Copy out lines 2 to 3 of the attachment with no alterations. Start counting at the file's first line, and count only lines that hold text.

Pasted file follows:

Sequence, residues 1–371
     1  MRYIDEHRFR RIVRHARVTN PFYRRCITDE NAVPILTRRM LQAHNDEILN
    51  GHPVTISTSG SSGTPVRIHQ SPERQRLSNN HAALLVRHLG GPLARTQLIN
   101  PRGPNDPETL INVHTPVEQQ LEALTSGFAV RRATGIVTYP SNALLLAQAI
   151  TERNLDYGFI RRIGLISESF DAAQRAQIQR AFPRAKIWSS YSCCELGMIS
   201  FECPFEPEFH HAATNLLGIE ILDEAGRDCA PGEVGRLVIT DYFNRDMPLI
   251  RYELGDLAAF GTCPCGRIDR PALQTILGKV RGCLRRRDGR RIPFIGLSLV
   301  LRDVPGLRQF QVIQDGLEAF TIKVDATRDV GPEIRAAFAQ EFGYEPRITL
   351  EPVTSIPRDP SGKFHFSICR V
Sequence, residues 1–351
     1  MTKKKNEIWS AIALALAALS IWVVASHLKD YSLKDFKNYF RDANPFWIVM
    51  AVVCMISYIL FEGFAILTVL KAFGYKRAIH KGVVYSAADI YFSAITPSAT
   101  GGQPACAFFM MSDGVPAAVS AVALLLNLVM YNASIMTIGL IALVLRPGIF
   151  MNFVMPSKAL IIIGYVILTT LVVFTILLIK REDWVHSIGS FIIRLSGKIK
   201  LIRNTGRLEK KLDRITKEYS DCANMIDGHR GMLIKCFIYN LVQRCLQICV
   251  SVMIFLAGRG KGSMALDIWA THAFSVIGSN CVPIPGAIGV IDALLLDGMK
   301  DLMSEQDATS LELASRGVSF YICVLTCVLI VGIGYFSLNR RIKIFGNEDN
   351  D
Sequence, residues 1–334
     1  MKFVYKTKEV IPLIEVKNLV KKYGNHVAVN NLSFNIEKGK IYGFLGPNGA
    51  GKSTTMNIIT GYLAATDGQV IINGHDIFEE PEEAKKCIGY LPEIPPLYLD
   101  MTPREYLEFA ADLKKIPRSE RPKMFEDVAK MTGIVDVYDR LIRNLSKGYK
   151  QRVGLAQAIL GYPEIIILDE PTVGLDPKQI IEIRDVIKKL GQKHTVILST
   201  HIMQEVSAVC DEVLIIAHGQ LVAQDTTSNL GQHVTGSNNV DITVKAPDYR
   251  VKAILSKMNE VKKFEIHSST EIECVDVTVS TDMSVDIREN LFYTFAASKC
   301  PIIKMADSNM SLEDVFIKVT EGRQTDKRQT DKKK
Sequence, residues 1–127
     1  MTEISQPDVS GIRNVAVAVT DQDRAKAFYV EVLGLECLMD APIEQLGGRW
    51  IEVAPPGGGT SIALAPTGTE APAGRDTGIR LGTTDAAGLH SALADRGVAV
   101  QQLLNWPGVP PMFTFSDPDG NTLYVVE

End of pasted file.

     1  MRYIDEHRFR RIVRHARVTN PFYRRCITDE NAVPILTRRM LQAHNDEILN
    51  GHPVTISTSG SSGTPVRIHQ SPERQRLSNN HAALLVRHLG GPLARTQLIN